The music of India includes multiple varieties of classical music, folk music, filmi, Indian rock and Indian pop.

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A Muslim (مُسلِم) is someone who follows or practices Islam, a monotheistic Abrahamic religion.

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Mysticism is the practice of religious ecstasies (religious experiences during alternate states of consciousness), together with whatever ideologies, ethics, rites, myths, legends, and magic may be related to them.

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Natya Shastra

The Nāṭya Śāstra (Sanskrit: नाट्य शास्त्र, Nāṭyaśāstra) is a Sanskrit Hindu text on the performing arts.

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Nilamata Purana

The NIlamata Purana (नीलमत पुराण) is an ancient text (6th to 8th century AD) from Kashmir which contains information on its history, geography, religion, and folklore.

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Oxford University Press

Oxford University Press (OUP) is the largest university press in the world, and the second oldest after Cambridge University Press.

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Padishah, sometimes rendered as Padeshah or Padshah (پادشاه, padişah) is a superlative sovereign title of Persian origin, composed of the Persian pād "master" and the widespread shāh "king", which was adopted by several monarchs claiming the highest rank, roughly equivalent to the ancient Persian notion of "The Great" or "Great King", and later adopted by post-Achaemenid and Christian Emperors.

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Pakistan (پاکِستان), officially the Islamic Republic of Pakistan (اِسلامی جمہوریہ پاکِستان), is a country in South Asia.

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Pamir Mountains

The Pamir Mountains, or the Pamirs, are a mountain range in Central Asia at the junction of the Himalayas with the Tian Shan, Karakoram, Kunlun, Hindu Kush, Suleman and Hindu Raj ranges.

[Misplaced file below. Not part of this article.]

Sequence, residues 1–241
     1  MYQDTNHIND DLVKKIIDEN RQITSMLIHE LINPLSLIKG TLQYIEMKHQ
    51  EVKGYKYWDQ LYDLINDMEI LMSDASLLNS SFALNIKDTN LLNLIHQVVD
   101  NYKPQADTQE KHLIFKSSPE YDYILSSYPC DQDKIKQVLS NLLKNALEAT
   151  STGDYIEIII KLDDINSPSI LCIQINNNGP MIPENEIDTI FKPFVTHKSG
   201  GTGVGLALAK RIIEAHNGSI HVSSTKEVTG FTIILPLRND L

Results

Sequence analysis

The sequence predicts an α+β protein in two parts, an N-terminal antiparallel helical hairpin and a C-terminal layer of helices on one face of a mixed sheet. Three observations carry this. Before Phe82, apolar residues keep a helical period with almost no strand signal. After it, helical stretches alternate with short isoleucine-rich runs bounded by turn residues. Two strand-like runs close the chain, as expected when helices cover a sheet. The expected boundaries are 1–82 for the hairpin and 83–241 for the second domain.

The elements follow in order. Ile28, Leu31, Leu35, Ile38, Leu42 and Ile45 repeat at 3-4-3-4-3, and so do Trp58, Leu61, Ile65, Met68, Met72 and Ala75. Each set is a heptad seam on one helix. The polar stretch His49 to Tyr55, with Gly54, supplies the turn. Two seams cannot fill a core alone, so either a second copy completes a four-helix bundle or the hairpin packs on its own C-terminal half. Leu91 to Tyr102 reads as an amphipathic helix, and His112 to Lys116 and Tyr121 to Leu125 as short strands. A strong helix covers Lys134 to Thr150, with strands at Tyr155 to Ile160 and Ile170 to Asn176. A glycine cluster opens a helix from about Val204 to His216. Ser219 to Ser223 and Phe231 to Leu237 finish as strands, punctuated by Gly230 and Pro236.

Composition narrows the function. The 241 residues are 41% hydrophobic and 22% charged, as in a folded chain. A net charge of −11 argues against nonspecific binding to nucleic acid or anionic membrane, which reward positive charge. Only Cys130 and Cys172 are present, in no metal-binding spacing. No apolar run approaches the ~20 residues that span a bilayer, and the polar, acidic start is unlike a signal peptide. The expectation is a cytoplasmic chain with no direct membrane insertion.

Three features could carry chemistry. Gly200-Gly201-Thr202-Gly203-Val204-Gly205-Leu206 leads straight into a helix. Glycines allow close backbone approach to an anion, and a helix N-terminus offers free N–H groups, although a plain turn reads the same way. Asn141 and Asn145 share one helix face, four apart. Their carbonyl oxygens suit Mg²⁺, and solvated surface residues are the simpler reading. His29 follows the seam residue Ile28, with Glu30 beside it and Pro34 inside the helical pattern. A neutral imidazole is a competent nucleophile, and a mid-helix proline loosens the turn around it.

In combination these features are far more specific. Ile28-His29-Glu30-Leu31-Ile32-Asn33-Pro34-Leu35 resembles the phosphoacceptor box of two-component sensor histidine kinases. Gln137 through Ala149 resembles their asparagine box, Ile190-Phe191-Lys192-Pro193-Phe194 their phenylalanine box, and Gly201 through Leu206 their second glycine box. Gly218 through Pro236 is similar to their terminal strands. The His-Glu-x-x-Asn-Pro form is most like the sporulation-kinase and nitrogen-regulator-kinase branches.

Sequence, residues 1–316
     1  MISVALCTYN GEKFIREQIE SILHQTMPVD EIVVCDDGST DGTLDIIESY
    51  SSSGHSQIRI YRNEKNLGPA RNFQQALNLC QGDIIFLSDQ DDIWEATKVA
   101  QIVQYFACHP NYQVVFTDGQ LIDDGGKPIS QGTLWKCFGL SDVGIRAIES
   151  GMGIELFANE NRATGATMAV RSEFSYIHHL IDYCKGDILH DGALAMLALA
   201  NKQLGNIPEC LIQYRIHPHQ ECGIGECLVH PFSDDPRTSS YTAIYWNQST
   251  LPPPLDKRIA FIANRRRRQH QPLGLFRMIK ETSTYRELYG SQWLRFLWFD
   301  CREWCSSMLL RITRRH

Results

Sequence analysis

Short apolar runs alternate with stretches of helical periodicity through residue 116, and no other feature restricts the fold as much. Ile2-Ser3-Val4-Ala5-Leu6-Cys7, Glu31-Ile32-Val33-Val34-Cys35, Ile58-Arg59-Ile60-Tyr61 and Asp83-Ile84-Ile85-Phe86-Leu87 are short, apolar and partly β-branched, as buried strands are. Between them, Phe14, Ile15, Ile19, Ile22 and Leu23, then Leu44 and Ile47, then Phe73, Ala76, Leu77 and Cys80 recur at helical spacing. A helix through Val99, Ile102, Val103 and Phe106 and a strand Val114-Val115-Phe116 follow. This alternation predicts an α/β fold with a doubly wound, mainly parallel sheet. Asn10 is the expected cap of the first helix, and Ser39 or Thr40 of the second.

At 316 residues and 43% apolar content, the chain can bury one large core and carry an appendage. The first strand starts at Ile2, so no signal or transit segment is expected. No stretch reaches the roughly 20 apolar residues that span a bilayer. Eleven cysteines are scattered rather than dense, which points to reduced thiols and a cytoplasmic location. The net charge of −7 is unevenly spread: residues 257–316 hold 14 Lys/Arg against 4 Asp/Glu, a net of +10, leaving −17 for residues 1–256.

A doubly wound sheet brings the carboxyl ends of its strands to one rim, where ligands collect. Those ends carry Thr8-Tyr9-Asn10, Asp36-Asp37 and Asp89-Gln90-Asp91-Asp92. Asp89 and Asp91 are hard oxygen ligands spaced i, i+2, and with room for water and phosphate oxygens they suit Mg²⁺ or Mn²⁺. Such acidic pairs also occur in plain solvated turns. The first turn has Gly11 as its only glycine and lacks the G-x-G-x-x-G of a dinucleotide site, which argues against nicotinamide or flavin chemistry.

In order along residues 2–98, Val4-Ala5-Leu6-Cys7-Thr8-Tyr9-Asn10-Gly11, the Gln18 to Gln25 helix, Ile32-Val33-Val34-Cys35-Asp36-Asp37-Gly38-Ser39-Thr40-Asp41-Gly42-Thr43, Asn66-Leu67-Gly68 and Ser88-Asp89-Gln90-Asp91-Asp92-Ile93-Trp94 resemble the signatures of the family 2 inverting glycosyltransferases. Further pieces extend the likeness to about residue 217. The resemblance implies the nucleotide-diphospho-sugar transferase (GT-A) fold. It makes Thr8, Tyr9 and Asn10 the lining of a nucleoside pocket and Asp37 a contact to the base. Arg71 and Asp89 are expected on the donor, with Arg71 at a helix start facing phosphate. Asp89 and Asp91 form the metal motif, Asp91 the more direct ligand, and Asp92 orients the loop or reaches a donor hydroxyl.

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Pan-Islamism (الوحدة الإسلامية) is a political movement advocating the unity of Muslims under one Islamic state – often a Caliphate – or an international organization with Islamic principles.

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Papier-mâché (literally "chewed paper") is a composite material consisting of paper pieces or pulp, sometimes reinforced with textiles, bound with an adhesive, such as glue, starch, or wallpaper paste.

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Partition of India

The Partition of India was the division of British India in 1947 which accompanied the creation of two independent dominions, India and Pakistan.

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Pashmina is a fine type of Kashmiri wool.

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Pashto (پښتو Pax̌tō), sometimes spelled Pukhto, is the language of the Pashtuns.

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The Pashtuns (or; پښتانه Pax̌tānə; singular masculine: پښتون Pax̌tūn, feminine: پښتنه Pax̌tana; also Pukhtuns), historically known as ethnic Afghans (افغان, Afğān) and Pathans (Hindustani: پٹھان, पठान, Paṭhān), are an Iranic ethnic group who mainly live in Pakistan and Afghanistan.

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The peach (Prunus persica) is a deciduous tree native to the region of Northwest China between the Tarim Basin and the north slopes of the Kunlun Mountains, where it was first domesticated and cultivated.

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People's Liberation Army

The Chinese People's Liberation Army (PLA) is the armed forces of the People's Republic of China (PRC) and Communist Party of China (CPC).

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A pine is any conifer in the genus Pinus,, of the family Pinaceae.

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Pir Panjal Range

The Pir Panjal Range is a group of mountains in the Inner Himalayan region, running from east-southeast (ESE) to west-northwest (WNW) across the Indian states of Himachal Pradesh and Jammu and Kashmir where the average elevation varies from to.